What Is No Protest (NP)?
No protest (NP) is a term used when a bank receives instructions from another bank not to protest items in the event that a negotiable instrument is not paid or accepted. The collecting bank is not liable for nonpayment or nonacceptance when attempting to obtain payment according to the payment terms of the draft instrument.
Understanding No Protest (NP)
When instructing a collecting bank not to protest items for nonpayment, the sending bank will stamp no protest (NP) on the draft. The collecting bank is allowed to send items stamped with NP back to the sending bank in the event of nonpayment.
Protesting Dishonored Items
Thanks to revisions of the Uniform Commercial Code and advancements in technology, formal protest of dishonored items are no longer necessary in most cases, except for instruments drawn or payable outside of the U.S., in certain commercial transactions, and in legal proceedings involving check fraud. A formal protest is a process by which the holder of an instrument requests proof that a bank has refused to honor an instrument. This proof can be used as grounds for a lawsuit against the drawer of a check or can be used as legal grounds to refuse to complete a transaction.
In order to formally protest a check, the holder meets with a notary public and a representative of the bank. The bank representative will provide the holder with a signed and notarized affidavit stating that the instrument in question was dishonored, and why. However, formal protest is no longer needed for the holder to initiate legal proceedings against the drawer. Now, an NP stamp is sufficient, and the dishonor of the instrument is established presumptively.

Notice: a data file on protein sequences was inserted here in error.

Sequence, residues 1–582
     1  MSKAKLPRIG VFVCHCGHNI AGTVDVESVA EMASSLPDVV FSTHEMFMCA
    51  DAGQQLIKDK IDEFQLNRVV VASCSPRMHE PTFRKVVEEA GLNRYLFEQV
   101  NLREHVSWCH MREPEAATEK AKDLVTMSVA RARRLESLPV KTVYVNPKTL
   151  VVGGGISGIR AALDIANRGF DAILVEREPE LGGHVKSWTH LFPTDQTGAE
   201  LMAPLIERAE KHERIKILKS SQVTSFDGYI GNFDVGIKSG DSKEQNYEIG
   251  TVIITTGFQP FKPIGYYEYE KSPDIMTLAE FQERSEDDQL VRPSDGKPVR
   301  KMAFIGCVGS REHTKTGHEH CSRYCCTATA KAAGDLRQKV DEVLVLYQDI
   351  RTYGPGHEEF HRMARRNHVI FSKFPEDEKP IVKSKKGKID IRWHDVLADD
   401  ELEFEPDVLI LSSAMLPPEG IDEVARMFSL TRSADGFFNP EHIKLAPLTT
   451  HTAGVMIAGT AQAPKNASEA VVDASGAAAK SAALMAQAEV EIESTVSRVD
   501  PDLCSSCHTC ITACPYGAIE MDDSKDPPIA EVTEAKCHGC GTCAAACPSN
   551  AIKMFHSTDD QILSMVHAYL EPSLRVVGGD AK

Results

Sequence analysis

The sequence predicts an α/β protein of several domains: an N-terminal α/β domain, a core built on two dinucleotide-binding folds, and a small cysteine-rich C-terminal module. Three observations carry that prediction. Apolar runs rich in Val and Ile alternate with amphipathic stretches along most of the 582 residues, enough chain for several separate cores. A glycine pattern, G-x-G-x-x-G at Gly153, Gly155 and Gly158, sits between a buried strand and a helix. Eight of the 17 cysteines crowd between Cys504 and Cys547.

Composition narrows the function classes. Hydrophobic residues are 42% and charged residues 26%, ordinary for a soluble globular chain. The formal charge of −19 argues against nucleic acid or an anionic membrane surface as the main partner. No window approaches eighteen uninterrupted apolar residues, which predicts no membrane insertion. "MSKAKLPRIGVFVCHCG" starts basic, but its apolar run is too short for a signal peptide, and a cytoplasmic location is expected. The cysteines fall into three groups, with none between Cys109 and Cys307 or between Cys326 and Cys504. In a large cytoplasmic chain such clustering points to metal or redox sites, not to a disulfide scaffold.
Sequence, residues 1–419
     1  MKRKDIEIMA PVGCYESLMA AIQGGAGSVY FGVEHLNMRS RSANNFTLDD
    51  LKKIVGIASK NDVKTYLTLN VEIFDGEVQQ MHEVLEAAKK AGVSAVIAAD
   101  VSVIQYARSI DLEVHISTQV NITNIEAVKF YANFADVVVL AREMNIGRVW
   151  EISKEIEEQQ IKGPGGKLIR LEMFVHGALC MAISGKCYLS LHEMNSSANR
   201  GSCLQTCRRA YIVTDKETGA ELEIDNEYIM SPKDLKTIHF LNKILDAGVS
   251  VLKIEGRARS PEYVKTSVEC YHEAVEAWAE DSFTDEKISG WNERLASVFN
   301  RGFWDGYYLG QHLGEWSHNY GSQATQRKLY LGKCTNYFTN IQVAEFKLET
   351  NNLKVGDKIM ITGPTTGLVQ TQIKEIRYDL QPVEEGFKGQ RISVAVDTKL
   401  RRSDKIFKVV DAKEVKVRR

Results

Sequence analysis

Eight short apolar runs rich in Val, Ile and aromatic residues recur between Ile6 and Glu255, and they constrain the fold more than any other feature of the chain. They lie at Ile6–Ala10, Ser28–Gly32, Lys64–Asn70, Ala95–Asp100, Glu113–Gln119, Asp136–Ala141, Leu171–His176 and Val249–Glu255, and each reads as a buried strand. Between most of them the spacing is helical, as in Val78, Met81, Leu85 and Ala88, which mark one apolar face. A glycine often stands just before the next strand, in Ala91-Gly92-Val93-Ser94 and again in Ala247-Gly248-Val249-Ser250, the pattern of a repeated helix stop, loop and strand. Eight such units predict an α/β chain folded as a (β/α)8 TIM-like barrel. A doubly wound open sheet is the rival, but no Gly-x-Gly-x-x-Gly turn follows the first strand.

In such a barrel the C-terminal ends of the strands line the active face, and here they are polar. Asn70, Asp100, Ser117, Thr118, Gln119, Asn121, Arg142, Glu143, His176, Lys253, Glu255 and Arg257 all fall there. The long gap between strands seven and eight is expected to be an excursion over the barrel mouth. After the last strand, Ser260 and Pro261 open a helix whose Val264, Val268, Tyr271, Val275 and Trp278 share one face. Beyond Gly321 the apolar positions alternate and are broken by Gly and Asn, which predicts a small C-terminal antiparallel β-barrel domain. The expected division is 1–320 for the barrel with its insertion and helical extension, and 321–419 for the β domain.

History of the Current No Protest System
The practice of stamping no protest or NP on a dishonored negotiable instrument began with Thomas A. Scott. Prior to this system, such instructions were not printed on the item itself, but on a letter accompanying the item. However, this system was inefficient because it forced clerks to search through documents supplied with dishonored instruments to find protest instructions. Even when found, the instructions weren’t always clear, because the cumbersome method also required no protest instructions to appear on a slip attached to the check. It became altogether easier to simply stamp NP and a brief explanation as to why the items aren’t being paid directly on the dishonored instrument. This relieved the responsibility of relaying no protest instructions along with the dishonored instrument when said instrument passed through multiple banks on its way back to the originating bank.